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'Stairs to space' led Asheville man to massive weight loss and a romantic plot twist

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An Asheville man's weight loss mission led to the goal of "walking to space" on the Buncombe County Courthouse steps. News 13 followed the trek that led to new heights and took a surprisingly romantic turn.

"I always work Monday through Friday, 8 to 5," said Walter Beals, who works in the Public Defender's Office in downtown Asheville. "I feel like we're doing a lot of good for the community."

Being a regular guy can be a full-time job. Last year, Beals realized he needed to do some good for himself.

So, he used a heavy dose of reality as rocket fuel.

"I'm 45," he said. "So, it's something serious as far as my health to keep on top of."

Co-worker Courtney Booth saw the daily transformation.

"Every day, when I come in from court, Walter's got his exercise gear on and he's heading for the stairs," Booth observed.

At 440 pounds, he saw no time for baby steps. Beals' taken lunch breaks toward a new frontier.

Climbing the stairs at the courthouse is now his mid-day ritual.

"You're in control of your own body," he declared recently. "If you're out of shape, there's something you can do about it."

He goes up eight floors the hard way, then back down by elevator to save his knees.Then, he repeats.

In 55 minutes, he ascends 104 floors each lunch period.

"It does seem like I'm in a hamster wheel going up and around and around," he admitted.

District Attorney Todd Williams can't object, as Beals sustains his motion. Go ahead, groan.

"Walter's amazing, he's an inspiration," he said. "I've seen the pounds melt off of the guy. It's just amazing."

Pictures of Beals before show a local juggler who said he's battled weight issues his whole life.

"Like three years ago, I'd dropped a chunk of weight doing the stairs," he said. "But as happens to people, you lose the weight and gain it back."

Now, it's onward and upward. This time around, he's done the math to visualize his goal.

"I started comparing it to certain things -- how many Empire State Buildings have I climbed and how many Great Pyramid of Giza have I climbed?"

What if he went further?

Twenty-thousand floors equals 50 miles and quite an odyssey. Now, the mission that has Beals seeing stars.

"What's a nice big hefty goal," he wondered. "And my first thought was outer space."

Funny thing is, on the way to space, he didn't count on something cosmic happening. He got side-tracked on the stairway to heaven.

"She was like, 'I'm gonna come to do stairs with you,'" he said of a young woman who was curious about his ambitious journey. "And I was like, 'Yeah, sure you will."

Susannah Bew met him online, then on the steps.

"The nerd and star gazer in me was totally drawn to that," Bew told us. "I said I wanted to crash your stair climbing party, that became our first date, which was really cool."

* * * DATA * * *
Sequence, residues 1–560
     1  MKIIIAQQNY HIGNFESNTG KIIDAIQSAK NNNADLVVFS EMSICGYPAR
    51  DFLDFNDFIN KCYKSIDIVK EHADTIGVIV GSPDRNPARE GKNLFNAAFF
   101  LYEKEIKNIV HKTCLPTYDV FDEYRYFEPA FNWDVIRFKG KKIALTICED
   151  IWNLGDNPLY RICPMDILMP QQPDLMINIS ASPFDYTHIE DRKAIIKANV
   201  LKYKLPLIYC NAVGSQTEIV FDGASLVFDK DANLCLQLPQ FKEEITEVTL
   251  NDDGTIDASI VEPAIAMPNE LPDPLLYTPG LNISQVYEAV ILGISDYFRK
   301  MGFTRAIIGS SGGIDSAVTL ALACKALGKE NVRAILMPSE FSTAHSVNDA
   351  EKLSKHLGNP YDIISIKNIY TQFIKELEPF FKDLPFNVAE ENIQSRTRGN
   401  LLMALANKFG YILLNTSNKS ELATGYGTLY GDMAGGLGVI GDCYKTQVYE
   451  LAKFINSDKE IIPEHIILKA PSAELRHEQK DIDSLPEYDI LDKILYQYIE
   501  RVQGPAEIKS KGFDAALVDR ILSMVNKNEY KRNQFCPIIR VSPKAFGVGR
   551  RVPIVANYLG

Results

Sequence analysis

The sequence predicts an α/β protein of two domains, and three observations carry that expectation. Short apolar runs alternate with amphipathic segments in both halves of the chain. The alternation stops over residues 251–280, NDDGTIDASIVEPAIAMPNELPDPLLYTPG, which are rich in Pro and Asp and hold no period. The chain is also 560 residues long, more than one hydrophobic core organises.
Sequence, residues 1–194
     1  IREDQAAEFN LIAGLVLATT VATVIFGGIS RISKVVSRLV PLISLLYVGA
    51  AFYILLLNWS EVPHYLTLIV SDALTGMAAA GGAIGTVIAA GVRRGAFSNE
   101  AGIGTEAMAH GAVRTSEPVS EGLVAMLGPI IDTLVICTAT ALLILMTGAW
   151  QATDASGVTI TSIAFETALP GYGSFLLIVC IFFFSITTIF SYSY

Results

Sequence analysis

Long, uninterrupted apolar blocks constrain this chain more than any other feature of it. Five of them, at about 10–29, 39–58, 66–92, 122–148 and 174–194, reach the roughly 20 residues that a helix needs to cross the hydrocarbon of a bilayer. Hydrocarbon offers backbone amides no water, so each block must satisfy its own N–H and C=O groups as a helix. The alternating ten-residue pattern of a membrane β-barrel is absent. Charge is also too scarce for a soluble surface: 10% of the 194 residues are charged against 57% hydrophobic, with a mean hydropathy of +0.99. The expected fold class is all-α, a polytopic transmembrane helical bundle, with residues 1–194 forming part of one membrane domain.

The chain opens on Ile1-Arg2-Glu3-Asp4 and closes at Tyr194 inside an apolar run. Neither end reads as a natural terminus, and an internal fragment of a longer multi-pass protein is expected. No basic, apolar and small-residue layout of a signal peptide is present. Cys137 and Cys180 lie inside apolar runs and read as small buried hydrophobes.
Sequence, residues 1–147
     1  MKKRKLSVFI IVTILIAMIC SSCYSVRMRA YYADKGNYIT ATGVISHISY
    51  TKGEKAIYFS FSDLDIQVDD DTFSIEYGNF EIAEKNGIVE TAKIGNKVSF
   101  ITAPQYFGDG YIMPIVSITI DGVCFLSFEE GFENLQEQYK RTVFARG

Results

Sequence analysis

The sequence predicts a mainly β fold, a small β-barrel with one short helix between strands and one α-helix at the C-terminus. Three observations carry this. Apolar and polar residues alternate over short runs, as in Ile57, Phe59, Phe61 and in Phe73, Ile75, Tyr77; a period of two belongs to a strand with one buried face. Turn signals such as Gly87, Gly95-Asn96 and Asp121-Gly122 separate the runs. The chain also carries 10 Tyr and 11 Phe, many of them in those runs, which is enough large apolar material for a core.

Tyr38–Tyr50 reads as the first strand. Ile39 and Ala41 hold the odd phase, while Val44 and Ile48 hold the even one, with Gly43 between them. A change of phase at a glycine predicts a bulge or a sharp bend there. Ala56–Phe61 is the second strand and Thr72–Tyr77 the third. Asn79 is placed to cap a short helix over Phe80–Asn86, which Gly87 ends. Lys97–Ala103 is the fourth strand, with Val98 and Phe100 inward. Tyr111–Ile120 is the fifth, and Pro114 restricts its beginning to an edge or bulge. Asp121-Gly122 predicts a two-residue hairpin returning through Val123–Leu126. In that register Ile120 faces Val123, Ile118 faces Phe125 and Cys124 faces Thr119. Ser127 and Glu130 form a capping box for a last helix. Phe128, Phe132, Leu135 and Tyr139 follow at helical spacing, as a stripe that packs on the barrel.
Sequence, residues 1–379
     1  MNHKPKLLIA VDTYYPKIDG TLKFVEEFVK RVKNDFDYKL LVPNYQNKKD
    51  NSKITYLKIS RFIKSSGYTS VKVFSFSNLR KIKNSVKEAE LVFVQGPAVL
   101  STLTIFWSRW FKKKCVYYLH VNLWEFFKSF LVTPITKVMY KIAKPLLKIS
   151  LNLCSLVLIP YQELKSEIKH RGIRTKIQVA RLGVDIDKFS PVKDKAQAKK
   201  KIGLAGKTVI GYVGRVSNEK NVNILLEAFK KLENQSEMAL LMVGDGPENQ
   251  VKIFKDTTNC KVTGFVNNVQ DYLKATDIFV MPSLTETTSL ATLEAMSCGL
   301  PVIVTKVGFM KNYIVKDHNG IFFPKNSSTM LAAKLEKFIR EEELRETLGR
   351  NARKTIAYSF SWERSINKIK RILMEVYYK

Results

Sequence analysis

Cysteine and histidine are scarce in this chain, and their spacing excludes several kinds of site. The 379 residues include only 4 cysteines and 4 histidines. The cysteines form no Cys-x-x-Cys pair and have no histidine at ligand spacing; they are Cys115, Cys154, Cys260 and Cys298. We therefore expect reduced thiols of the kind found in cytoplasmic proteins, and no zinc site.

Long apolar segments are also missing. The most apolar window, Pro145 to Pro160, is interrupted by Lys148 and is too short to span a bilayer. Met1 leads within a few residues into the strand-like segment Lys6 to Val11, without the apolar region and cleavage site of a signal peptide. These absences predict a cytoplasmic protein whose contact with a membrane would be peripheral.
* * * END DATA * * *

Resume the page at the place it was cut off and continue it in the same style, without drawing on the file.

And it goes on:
Some couples count dates, they count stairs.

"Being physical together I feel put me at ease," she said of their dates. "It's super romantic!"

"It's such a pleasant surprise, she's such a sweet girl," Beals said.

Along the way, he lost 160 pounds and gained a girlfriend.

Beals showed her the sights, like the Coke stain on the fourth floor.

She marveled at his beautiful mind.

"Cause that was also very appealing that he had calculated how many floors it would take to reach outer space," Bew said.

All the while, a spreadsheet guided Beals to an astronomical achievement.

"According to this, I should reach this by March 1" he said weeks back.

We returned to see him at the start of March. This was the day, and there's no moon walking back.

Beals warmed up by juggling in a NASA suit, while his friends beamed up to the top floor.

"I'm here because Walter's going to space," a boy with an astronaut helmet said. "I think it's a good idea for people to go out and get their exercise."

He wasn't alone. Others turned out with space-themed outfits to celebrate.

In dramatic fashion, Beals juggled as walked to space.

"Woo, here we go!" he said, enjoying every moment.

Beals played it up during the final stretch that left us star struck.

"You can do this, too," he told us, wearing a space helmet at the finish line. "Because I am a lazy -- was a lazy, fat slob and I'm not any more."

After reaching space, Beals saids he'll cut back his routine to three stair sessions per week. He'll start some weight training the rest of the week.

Who would have thought this could be a stepping stone to a healthy future and Bew?

"She has gone 11.88 percent to space," Beals announced, handing her an award.

Maybe she'll follow him to the moon and back, but, for now, it's time to come back to earth.

"I've got to go back to work fairly soon," he told the crowd.

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